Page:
Rifaat al-Assad on trial in Switzerland: No statute of limitations for war crimes

Rifaat al-Assad (Al-Watan)

Rifaat al-Assad (Al-Watan)


Enab Baladi – Yamen Moghrabi

In Switzerland, Rifaat al-Assad, the uncle of the Syrian regime’s president, is facing a new trial, adding to the lawsuits and judicial cases already filed against him in Britain, Spain, and France.

The Swiss Public Prosecutor’s Office issued a statement on March 12 calling for Rifaat al-Assad to be tried before the Federal Criminal Court on charges of committing war crimes.

The statement accused him of committing murders, torture, cruel treatment, and illegal arrests in Syria in February 1982.

The allegations against Rifaat al-Assad varied from embezzlement and tax evasion to committing war crimes during the armed conflict between the Syrian regime forces and the Fighting Vanguard organization, which was affiliated with the Muslim Brotherhood group in Hama city in the 1980s.

Two years ago, Rifaat al-Assad returned to Syria after years of exile and appeared alongside Bashar al-Assad and his brother Maher and other family members in a family photo in 2023, the first in decades.

Crimes not subject to statute of limitations

The statement published on the website of the Public Prosecutor’s Office noted that in the 1980s, Rifaat was the commander of the Defence Companies and the military operations in the city of Hama.

Rifaat al-Assad ordered his forces to comb through Hama city and execute its residents, thereby violating the laws of war, according to Article “109” (Paragraph 1) of the Military Penal Law, in addition to the common Article “3” of the Geneva Conventions.

The Swiss Federal Criminal Court (FCC) and Federal Office of Justice (FOJ) issued an international arrest warrant for Rifaat al-Assad for his role in the “grave war crimes” committed in Hama city in February 1982.

The international criminal law specialist, al-Mutassim al-Kilani, told Enab Baladi that the charges leveled by Switzerland against Rifaat al-Assad are not subject to the statute of limitations and will pave the way for prosecuting other individuals associated with those crimes.

The trial comes after human rights activists pursued Rifaat al-Assad after he was seen in December 2013 at the Lake Geneva hotel.

The TRIAL International organization filed a legal case in front of the Public Prosecutor, as published by the organization’s Executive Director, Philip Grant, on his “X” account in August 2023.

Two years later, Rifaat was again spotted in the same hotel, and while the Public Prosecutor’s Office was sluggish in requesting a hearing without arresting him, the Federal Criminal Court (FCC) ordered the Public Prosecutor’s Office to confront him with the charges at least, which happened inside his hotel suite in September 2015.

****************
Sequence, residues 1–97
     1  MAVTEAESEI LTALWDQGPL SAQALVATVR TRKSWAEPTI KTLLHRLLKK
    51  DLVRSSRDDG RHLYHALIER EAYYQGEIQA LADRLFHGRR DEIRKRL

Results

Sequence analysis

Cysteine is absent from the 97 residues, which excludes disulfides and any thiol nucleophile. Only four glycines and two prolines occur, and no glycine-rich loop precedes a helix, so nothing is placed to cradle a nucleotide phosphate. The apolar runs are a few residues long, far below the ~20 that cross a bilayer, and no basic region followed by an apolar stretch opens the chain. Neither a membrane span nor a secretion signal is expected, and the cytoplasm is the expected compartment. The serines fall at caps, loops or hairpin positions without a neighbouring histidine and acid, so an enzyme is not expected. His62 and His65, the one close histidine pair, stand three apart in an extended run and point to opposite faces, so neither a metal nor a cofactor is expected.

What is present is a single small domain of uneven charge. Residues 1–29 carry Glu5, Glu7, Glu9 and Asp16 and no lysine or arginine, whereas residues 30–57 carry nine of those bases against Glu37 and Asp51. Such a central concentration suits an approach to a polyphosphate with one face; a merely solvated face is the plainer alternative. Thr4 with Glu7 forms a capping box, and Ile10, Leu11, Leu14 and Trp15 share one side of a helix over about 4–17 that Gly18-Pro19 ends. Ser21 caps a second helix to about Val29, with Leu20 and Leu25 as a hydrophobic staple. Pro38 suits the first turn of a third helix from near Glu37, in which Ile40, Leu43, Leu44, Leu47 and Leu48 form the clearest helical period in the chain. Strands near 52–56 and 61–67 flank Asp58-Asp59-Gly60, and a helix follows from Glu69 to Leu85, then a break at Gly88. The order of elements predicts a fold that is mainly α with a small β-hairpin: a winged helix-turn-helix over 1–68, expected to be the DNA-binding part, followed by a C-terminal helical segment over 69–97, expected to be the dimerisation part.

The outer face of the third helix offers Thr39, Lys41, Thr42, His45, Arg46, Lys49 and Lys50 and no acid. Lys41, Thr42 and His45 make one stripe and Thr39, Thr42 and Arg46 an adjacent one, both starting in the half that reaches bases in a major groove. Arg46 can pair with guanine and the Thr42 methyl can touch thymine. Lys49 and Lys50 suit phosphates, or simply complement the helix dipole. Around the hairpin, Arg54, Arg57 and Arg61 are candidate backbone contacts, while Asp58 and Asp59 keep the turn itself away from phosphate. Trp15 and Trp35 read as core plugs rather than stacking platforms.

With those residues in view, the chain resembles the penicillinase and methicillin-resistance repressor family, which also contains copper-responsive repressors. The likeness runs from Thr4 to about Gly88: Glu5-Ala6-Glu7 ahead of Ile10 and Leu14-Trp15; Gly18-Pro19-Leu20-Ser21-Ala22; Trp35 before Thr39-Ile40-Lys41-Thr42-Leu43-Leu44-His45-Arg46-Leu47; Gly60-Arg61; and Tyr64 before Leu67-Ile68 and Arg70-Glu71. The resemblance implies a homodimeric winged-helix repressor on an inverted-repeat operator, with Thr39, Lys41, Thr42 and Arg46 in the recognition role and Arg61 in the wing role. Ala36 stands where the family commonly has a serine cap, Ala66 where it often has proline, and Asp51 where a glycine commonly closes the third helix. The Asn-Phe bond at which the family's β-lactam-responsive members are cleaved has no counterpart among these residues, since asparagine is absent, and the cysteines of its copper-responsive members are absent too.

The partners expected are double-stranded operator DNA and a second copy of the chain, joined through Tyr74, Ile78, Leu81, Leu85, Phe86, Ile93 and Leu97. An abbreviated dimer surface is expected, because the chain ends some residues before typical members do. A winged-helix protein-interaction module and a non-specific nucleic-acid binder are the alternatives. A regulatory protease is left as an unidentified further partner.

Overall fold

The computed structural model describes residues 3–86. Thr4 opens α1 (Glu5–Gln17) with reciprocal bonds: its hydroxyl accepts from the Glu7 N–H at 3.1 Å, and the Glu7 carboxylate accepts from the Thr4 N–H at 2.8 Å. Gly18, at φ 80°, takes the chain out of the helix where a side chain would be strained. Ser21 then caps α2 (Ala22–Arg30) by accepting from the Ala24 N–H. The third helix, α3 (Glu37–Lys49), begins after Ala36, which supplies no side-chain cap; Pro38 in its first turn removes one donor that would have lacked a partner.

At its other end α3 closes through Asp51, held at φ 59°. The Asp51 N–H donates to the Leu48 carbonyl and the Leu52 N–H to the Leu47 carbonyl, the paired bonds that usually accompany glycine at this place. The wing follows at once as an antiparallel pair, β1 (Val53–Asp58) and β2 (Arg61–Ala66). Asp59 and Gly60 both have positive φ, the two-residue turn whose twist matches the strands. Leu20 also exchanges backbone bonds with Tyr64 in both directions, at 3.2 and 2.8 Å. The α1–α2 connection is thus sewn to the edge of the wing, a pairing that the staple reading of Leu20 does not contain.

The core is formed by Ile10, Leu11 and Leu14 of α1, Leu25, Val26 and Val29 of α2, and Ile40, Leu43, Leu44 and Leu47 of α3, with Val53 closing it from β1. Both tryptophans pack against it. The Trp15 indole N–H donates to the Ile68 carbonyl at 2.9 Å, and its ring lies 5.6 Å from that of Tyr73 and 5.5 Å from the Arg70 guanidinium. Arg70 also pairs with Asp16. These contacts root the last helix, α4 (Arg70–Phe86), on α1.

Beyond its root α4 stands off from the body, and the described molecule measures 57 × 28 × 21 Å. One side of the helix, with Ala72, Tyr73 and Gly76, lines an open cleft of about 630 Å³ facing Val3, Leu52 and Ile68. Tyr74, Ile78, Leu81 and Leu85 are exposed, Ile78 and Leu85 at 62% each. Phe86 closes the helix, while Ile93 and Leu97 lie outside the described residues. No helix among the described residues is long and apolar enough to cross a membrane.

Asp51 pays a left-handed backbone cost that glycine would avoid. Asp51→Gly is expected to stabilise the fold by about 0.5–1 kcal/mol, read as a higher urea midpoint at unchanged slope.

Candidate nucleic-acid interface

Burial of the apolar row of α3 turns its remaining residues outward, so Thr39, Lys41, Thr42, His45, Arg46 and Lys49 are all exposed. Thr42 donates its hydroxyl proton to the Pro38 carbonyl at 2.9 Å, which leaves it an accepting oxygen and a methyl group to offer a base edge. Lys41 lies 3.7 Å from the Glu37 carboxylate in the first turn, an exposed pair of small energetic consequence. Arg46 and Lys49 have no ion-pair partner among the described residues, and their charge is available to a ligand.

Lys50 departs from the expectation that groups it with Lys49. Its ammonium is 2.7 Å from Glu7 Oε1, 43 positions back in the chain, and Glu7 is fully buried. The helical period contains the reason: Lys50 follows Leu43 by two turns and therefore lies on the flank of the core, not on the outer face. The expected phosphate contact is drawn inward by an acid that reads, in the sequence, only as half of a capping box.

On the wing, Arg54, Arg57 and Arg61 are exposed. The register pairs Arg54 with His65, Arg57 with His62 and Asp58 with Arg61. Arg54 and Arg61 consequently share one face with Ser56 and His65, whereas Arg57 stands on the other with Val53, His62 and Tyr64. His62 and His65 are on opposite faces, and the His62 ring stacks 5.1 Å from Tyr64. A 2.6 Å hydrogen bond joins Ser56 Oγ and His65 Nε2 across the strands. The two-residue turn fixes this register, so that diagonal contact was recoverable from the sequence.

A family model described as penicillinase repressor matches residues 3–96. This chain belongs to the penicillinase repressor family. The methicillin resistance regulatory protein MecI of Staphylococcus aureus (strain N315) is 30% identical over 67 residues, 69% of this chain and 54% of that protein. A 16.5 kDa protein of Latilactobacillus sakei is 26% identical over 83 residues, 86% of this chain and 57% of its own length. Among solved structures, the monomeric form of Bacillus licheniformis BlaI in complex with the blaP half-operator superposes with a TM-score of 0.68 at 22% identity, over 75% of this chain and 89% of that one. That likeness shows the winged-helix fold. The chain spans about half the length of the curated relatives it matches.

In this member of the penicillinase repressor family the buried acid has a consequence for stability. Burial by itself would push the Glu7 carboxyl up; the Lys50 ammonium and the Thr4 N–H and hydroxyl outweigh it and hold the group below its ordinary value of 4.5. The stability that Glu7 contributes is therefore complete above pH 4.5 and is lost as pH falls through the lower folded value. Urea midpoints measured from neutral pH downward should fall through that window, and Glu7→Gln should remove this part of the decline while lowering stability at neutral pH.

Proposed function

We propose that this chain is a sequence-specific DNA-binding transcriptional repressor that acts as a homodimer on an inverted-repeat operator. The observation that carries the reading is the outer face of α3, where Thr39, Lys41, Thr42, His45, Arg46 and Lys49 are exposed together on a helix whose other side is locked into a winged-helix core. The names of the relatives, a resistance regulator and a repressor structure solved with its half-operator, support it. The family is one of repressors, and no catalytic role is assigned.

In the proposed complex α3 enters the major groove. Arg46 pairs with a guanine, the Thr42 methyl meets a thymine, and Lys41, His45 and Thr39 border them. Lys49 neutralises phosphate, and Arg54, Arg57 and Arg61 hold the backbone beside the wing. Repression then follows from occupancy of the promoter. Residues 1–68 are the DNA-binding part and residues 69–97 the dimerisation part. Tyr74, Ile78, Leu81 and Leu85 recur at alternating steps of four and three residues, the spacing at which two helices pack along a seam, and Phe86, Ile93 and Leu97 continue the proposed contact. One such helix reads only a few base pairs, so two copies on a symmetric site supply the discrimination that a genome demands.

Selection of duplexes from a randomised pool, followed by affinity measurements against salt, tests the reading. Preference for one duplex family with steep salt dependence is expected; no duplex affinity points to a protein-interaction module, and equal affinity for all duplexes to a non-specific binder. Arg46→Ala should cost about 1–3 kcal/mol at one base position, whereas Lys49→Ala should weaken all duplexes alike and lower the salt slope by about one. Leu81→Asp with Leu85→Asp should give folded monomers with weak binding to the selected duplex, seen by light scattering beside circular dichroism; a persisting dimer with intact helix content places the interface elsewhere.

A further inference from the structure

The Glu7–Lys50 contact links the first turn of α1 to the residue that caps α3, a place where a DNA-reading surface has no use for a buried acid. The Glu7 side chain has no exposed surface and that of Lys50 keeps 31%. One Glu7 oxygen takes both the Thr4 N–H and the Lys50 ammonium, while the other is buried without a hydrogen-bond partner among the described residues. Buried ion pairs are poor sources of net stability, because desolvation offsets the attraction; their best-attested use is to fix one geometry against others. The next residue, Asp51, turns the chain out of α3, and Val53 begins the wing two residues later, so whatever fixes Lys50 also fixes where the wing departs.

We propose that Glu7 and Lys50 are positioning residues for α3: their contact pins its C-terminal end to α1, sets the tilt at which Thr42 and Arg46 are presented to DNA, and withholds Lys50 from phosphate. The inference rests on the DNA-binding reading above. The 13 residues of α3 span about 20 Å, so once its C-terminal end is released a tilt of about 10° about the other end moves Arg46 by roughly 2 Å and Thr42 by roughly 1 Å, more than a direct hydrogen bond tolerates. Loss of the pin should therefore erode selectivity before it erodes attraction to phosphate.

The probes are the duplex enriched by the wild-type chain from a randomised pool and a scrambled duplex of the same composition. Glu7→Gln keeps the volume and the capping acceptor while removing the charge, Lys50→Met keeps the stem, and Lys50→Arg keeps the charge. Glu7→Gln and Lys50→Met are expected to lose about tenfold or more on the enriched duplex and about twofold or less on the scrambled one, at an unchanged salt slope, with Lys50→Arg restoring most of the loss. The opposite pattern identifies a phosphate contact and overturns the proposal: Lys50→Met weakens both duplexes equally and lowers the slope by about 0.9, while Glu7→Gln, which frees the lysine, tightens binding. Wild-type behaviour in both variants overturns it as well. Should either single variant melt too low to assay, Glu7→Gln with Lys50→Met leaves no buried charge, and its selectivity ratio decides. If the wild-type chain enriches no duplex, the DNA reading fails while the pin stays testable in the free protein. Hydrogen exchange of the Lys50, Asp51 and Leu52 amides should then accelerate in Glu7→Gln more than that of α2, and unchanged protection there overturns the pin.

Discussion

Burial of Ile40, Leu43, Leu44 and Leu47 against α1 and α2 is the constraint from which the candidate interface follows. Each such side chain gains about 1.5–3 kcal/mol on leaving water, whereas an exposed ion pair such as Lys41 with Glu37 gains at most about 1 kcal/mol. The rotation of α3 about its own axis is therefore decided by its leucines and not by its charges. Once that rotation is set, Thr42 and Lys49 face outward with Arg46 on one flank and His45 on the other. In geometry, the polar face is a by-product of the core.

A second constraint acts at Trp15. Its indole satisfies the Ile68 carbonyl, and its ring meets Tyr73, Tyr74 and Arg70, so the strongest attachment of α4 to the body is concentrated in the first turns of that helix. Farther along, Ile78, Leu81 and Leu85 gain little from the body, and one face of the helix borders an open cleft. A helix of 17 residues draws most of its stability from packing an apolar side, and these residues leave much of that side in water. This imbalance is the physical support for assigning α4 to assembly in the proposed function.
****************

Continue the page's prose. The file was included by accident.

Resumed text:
After that, Rifaat al-Assad was not arrested, but he seemed to agree to participate in further proceedings, knowing that he was living lavishly thanks to a “huge embezzled fortune” in his exile in France, which had awarded him its highest national honor, the “Legion of Honour”.

Rifaat al-Assad played a principal role in the military and political life in Syria since his brother Hafez came to executive power in 1970. He was seen as his brother’s successor, but the sibling struggle did not lead to this scenario, and exile was the choice.

The investigation in Switzerland began at a “very” slow pace and continued in that manner, even though TRIAL International provided a “tremendous amount” of evidence by listening to victims and witnesses, but the authorities delayed for years.

The court applied a “limited effort” in the attempt to hear the suspect, even though Rifaat al-Assad was still living in neighboring France at that time. Even UN experts “spoke of political interference and a lack of impartiality,” according to Grant.

Amidst the slow investigation, TRIAL International continued its investigations and submitted a complaint that included a second charge against Rifaat al-Assad, this time for a 1980 massacre in the Tadmor prison in central Syria.

Will Rifaat become a bargaining chip?

The regional changes and stagnation of the Syrian file, after many years since the start of the Syrian revolution in March 2011, have led to a different engagement with Bashar al-Assad in Damascus, who has become at least more capable over the past year, to maneuver through several files, such as the drug smuggling issue, for example.

One question was raised after Rifaat’s return to Damascus in 2021, and the ongoing cases against him, is whether the Syrian regime could have negotiated certain understandings to hand over Rifaat for trial in Europe.

Al-Mutassim al-Kilani does not believe the regime will move in this direction, considering that it does not recognize the universal jurisdiction under which Rifaat is being tried, especially with his return and his possession of billions of Syrian pounds.

Rifaat’s assets in Paris include two palaces, one of which is 3,000 square meters, a horse farm, and another palace near the French capital, as well as a 7,300-square-meter property in Lyon.

His wealth in France is estimated at around 90 million euros, through companies headquartered in Luxembourg. French-Spanish customs confiscated Rifaat’s assets on Spanish territory in March 2018.

The value of his assets there is 600 million euros, consisting of 503 facilities, including restaurants, hotels, and luxury possessions, he owned in the city of Marbella in Spain.

According to al-Kilani, there are indeed names of officers and figures in the Syrian regime who are sought for trial under the same jurisdiction, so the regime will not venture in this direction.


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